Hearst ideal environment for Dr. Gauvin

Dr. Lianne Gauvin and husband, enjoy camping and fishing with sons.

For most professions, “opportunity” and “ability to diversify” usually mean moving to large urban centres. But for medical doctors, the opposite can be true. In fact, one of the things Dr. Lianne Gauvin likes about living in Hearst is that it provides variety.

“In an urban area, I think you’re more restricted in what you can do,” Gauvin said. “Working in a rural area, we can have a wider scope of practice if we choose. That appeals to me to have that freedom professionally.”

Gauvin has her own practice as part of the Nord-Aski Family Health Team and she also works in the Emergency Department at Hôpital Notre-Dame Hospital, follows patients admitted to the hospital, and assists in the operating room when needed. She also practises geriatrics and follows patients living in long-term care.

Hearst was an easy choice. She and her husband, Eric Sigouin, are from Hearst originally. Interestingly, they didn’t meet until Gauvin was taking pre-med at the University of Ottawa.

Moving back to the town was “always in the cards” she said, though the couple considered settling down elsewhere. They didn’t make a decision until she finished medical school and her residency at the Northern Ontario School of Medicine (NOSM).

“Both of us wanted to be close to our family. We wanted our children to grow up with that family sense as well,” the mother of two boys said.

Lifestyle played a large part in their decision. The family enjoys camping as well as fishing. Gauvin also jogs and enjoys kayaking.

“The river is just behind my house, so that is very accessible to me. You wouldn’t necessarily have that in an urban area.”

Equally important is the work environment. In smaller communities, it is easier to get to know everyone. “Working with my colleagues, it’s a very positive environment. We’re all supportive of each other.”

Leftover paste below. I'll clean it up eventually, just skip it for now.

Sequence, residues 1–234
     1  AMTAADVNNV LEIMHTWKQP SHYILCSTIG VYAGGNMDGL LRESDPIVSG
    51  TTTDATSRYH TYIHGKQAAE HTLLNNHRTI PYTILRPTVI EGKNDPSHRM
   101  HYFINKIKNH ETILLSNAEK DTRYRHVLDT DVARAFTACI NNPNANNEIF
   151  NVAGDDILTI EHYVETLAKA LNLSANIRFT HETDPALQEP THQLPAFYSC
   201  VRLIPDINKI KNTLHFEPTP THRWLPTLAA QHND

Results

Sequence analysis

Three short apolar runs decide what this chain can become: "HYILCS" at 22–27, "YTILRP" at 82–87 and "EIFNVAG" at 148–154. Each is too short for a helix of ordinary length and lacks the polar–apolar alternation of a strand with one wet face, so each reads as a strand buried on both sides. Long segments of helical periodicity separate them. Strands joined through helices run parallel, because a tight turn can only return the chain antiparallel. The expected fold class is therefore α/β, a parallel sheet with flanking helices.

There are challenges to rural medicine, of course. Accessing specialist care for her clients or even professional consults for herself can be difficult. However, there are several programs facilitated by the Ontario Telemedicine Network (OTN) that are making it easier.

For example, the Virtual ICU program launched in 2014 by Health Sciences North in Sudbury has been a big help supporting emergency physicians and intensive care units across the region.

Another OTN initiative is the eConsult service which makes it easier for physicians to connect with specialists to ask questions in more than 27 areas of care.
eConsult formalizes the process, allowing physicians to get the specialist help they need faster – usually within 24 hours.

“Just as an example, I had a question about paediatric haematology the other day, and I was able to get an answer very quickly.”

OTN also helps her patients connect with specialists via videoconference, allowing them to stay at home rather than travel to appointments with specialists.
“If I want to send a patient to a specialist in Ottawa, that’s a 10-hour drive if your timing is good.”

Telemedicine is also helping education. Gauvin is an associate professor with NOSM. One program is called Virtual Academic Rounds (VAR) in which students across the region meet by videoconference for preceptor-guided group learning sessions. VAR allow for larger and more effective learning groups than would otherwise be possible.

There are other challenges that come with working in a smaller town, such as running into patients every day or covering for colleagues during vacation time and other situations.

“I am often on call and working on weekends, so it can be difficult to find that (work/life) balance,” she said. “During vacation time, I work more when my colleagues are away. But I get my turn.”

Overall though, the pros outweigh the cons. “I’ve always been passionate about medicine, so to have that wide scope of practice, I get to still see a lot of different areas in medicine, which I enjoy.”

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